When it Rains it Pours: What a Week of Rain Means to Washington, and our Urban Forest
July 21 was one of the rainiest days in Washington history. The National Weather Service recorded 4.64 inches of rain in D.C. as 11:25 p.m. on Saturday, more than double the previous record. The old record for July 21 was 2.56 inches set back in 1911.
It continued to rain for the majority of that week, disrupting Washingtonian’s commutes, roadways, houses, and even our mental as we questioned when ever we would put down the umbrella and see the sun again.
While many rejoiced when the sun came out last week and the humidity returned, the storm was written off as an anomaly. Unfortunately, that is not the case. WAMU’s Jacob Fensten explained, “Big storms are becoming more common, especially in the mid-Atlantic, so the terms 100-year or 500-year storm no longer apply. In a changing climate, the odds are quickly rising. In fact, in the D.C. region, a 100-year storm will be a 25-year storm by mid-century. In other words, big destructive storms will be four times as likely. More rain means more flooding.”
What’s a city to do?
D.C. is actually leading the way in terms of preparing for climate change induced storms. The D.C. neighborhood to our southwest, Bloomingdale, used to flood multiple times a year. D.C. Water alleviated part of that problem with a new stormwater runoff storage tunnel that can hold 3 million gallons. Better yet? There’s a much bigger fix under construction: a huge tunnel running all the way from Bloomingdale to RFK Stadium, which will be able to hold 90 million gallons.
Big, pricey, involved city projects are not the only way to combat rain, floods, and climate change though. Enter: trees!
The water flooding houses in Bloomingdale and pouring into the D.C. Water tunnels is not just rain water. It is an unfortunate mix of the city, referred to as stormwater. When rain falls on roads, driveways, parking lots, rooftops and other paved surfaces that do not allow water to soak into the ground, it picks up everything that was on those surfaces. This can include many different pollutants such as sediment, nitrogen, phosphorus, bacteria, oil and grease, trash, pesticides and metals. These pollutants come from a variety of sources, including pet waste, lawn fertilization, cars, construction sites, illegal dumping and spills, and pesticide application.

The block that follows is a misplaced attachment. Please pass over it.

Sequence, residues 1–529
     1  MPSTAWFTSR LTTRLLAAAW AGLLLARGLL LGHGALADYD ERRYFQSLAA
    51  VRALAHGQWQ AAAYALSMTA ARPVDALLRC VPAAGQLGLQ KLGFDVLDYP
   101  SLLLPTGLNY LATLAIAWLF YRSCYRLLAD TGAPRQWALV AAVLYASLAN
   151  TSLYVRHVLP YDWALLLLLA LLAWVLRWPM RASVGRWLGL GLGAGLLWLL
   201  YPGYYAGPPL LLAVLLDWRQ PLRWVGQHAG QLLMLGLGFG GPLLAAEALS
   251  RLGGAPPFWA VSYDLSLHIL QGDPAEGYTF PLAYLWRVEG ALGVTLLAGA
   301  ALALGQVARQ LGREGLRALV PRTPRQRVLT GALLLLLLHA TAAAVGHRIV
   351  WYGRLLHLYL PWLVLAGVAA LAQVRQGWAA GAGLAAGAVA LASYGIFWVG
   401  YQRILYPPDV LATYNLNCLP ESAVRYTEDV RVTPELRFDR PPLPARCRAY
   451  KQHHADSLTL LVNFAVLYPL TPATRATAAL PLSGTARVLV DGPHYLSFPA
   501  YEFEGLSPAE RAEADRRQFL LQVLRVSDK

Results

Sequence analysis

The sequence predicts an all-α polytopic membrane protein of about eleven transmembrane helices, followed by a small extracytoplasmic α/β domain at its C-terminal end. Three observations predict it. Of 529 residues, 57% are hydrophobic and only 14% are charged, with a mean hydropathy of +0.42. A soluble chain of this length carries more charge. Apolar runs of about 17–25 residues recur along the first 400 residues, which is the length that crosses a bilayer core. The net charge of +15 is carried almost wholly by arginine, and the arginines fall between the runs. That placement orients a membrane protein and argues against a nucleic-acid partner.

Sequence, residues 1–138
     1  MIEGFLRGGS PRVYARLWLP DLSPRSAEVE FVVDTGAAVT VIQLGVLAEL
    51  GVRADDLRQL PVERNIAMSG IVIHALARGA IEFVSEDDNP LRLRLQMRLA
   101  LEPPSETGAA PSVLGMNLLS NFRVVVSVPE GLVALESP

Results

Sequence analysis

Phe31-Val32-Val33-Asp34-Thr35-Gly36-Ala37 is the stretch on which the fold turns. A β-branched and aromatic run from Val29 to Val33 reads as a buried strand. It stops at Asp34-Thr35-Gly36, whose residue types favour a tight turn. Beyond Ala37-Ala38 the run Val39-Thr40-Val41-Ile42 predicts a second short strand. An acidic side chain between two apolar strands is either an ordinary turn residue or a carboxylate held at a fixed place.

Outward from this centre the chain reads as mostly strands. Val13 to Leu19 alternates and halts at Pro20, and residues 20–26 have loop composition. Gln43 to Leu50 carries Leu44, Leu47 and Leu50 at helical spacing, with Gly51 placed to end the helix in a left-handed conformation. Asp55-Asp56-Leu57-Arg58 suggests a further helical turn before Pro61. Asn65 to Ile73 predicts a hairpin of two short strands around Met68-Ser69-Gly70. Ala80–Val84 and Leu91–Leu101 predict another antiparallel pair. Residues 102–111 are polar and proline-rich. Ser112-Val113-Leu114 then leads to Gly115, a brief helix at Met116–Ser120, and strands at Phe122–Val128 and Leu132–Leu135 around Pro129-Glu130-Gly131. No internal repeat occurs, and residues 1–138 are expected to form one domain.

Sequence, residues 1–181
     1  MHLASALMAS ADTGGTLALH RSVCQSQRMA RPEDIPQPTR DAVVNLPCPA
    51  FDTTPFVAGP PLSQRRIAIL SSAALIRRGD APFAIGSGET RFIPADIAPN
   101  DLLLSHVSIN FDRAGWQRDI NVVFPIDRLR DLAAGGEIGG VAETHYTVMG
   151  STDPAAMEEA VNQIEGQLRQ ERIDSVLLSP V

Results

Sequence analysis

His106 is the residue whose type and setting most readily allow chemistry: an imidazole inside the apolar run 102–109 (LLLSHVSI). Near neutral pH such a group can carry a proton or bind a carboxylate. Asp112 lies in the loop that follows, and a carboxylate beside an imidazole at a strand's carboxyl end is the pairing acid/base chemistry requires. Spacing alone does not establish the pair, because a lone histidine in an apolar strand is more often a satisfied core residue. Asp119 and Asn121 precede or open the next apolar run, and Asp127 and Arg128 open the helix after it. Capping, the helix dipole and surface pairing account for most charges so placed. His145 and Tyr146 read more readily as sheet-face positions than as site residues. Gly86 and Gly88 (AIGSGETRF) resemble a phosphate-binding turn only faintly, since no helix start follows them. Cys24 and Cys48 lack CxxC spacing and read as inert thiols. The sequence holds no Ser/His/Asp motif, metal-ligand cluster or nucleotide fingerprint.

How to keep rain from falling on impervious city surfaces and flowing directly into our rivers and watersheds? One way is to intercept the water, which is exactly what a large canopy tree’s leaves would do.
Trees reduce runoff through rainfall interception by the tree canopy, by releasing water into the atmosphere through evapotranspiration, and by promoting infiltration of water through the soil and storage of water in the soil. The cumulative effect of tree canopy is to temporarily detain rainfall and gradually release it, regulating the flow of stormwater runoff downstream and thereby preventing some of the pollutants in rainfall and on urban surfaces from being transported to local waterways. Phew!
Our Science and Policy team put together this handy graphic explaining stormwater run off for their boat tour on the Anacostia River, one of the main beneficiaries of D.C.’s work to mitigate stormwater runoff.
Not to mention that trees provide additional water quality benefits through uptake of pollutants from the atmosphere, soil and groundwater. This tree benefits calculator we helped put together calculates the amount of stormwater your tree intercepts. A 10 inch wide red maple? That can intercept over 1,500 gallons of stormwater a year.
Want to learn more or do something to help mitigate stormwater? Plant a tree! There is a city wide program, RiverSmart Homes, that subsidizes trees you plant in your yard that help mitigate stormwater.
Here’s to hoping the rest of the summer brings sunshine to give our tunnels and trees a break!